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Western Diamondback Rattlesnake
Crotelus atrox


Western diamondback rattlesnake
Western diamondback rattlesnake, 35k JPEG
Copyright © Justin W. Moore
See more photos at OutdoorPhoto.com
The western diamondback rattlesnake, common throughout North America, is just one of the many snake species that inhabit Texas. A member of the pit viper family, the venomous, six- to eight-foot-long diamondback is one of the world's most dangerous snakes. The distinctive diamond pattern running the length of the snake's body serves as camouflage.

When threatened or startled, the snake coils and vibrates the rattle at the tip of its tail, emitting a loud, rhythmic buzz. The sign of an impending strike, the snake may also raise its neck into an "S" curve; even when fully coiled, rattlesnakes can strike a distance equal to half their body length. Diamondbacks feed primarily on frogs, rodents, rabbits, lizards, and birds, all of which it can swallow whole.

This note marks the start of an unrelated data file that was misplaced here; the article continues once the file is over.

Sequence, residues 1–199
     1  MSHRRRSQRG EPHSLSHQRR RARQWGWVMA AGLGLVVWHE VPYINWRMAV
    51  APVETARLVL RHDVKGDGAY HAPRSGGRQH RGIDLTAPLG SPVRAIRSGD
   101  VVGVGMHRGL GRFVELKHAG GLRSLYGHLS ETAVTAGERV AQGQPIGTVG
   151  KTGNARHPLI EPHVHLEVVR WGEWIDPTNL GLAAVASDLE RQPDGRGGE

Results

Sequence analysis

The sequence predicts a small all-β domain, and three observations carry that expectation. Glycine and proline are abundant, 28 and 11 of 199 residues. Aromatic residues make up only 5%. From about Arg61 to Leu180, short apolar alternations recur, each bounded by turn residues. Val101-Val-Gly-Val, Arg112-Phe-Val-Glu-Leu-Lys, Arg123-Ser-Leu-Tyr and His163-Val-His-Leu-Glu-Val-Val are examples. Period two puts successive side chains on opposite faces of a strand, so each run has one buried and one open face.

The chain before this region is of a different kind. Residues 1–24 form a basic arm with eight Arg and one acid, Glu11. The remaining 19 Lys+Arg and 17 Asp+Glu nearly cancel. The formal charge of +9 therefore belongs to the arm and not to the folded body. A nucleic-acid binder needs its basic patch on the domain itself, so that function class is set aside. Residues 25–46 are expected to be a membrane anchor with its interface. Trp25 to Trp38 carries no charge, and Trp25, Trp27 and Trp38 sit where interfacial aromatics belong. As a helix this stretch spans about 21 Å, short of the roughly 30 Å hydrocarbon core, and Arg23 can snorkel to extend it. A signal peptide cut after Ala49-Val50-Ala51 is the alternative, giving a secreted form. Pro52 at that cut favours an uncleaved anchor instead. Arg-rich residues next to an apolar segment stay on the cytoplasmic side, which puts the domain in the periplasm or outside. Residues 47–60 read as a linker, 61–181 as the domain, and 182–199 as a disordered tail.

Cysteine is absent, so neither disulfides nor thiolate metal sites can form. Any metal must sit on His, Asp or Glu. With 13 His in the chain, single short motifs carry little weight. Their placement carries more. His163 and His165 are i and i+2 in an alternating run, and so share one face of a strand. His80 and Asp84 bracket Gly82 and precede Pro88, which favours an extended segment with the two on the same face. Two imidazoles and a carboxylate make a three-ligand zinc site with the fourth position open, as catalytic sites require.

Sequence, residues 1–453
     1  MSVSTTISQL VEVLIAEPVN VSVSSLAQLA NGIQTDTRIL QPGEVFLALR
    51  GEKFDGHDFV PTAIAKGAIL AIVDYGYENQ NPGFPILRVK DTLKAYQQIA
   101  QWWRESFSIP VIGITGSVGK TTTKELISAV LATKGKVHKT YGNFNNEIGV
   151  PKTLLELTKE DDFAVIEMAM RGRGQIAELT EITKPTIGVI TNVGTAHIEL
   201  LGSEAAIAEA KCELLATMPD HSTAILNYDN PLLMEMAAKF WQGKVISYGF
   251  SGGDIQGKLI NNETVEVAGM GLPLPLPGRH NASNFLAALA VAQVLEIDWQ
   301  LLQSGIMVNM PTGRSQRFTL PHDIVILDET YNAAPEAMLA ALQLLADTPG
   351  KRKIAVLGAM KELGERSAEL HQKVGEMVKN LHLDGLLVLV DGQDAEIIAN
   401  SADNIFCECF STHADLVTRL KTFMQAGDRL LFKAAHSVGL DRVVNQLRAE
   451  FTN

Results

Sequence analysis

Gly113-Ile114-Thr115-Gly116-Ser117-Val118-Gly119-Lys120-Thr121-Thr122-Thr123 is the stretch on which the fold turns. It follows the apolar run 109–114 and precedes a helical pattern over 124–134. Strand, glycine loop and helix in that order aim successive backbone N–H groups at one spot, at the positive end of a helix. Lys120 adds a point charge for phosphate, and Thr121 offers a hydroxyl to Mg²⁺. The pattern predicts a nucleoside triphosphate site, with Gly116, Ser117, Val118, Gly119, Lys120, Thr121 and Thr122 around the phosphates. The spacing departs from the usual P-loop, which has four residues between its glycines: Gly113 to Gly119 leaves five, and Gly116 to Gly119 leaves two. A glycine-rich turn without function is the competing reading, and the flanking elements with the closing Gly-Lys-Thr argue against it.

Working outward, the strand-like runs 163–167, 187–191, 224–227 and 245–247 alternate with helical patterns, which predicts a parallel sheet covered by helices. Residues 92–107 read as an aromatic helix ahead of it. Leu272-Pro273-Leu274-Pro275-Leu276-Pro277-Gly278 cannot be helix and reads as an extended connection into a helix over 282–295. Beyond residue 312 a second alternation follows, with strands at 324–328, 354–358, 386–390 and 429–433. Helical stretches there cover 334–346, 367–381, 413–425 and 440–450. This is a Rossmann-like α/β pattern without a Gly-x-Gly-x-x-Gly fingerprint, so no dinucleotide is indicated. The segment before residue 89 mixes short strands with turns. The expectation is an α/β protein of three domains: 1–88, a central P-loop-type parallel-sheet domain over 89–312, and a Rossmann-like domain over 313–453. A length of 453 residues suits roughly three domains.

Diamondbacks can be found in desert, grassland, woodland, and river bottom habitats; their longevity is approximately fifteen years. A nocturnal species, diamondbacks often spend their days coiled quietly in the shade where they can easily move in and out of the sun to regulate their body temperature.

National Poison Center Hotline In total, there are over fifteen species of rattlesnakes in the United States and they all have poisonous (toxic) venom. Other toxic venom snakes in the U.S. are water moccasin (also known as cottonmouth), copperhead, and two species of coral snake. Several harmless snake species have coloration similar to the poisonous coral snake; the following mnemonic proves useful in differentiating the innocuous snakes from the toxic ones, based on the arrangement of their color bands:

Red on black, poison lack;
Red on yellow, kill a fellow.

Contact the National Poison Center Hotline if you are bitten by a snake or other venomous creature.

Virtually any grassy or brushy area in Texas can yield viewing opportunities for various snake species. The western diamondback pictured on this page was spotted at Mitchell Lake Wetlands in San Antonio.



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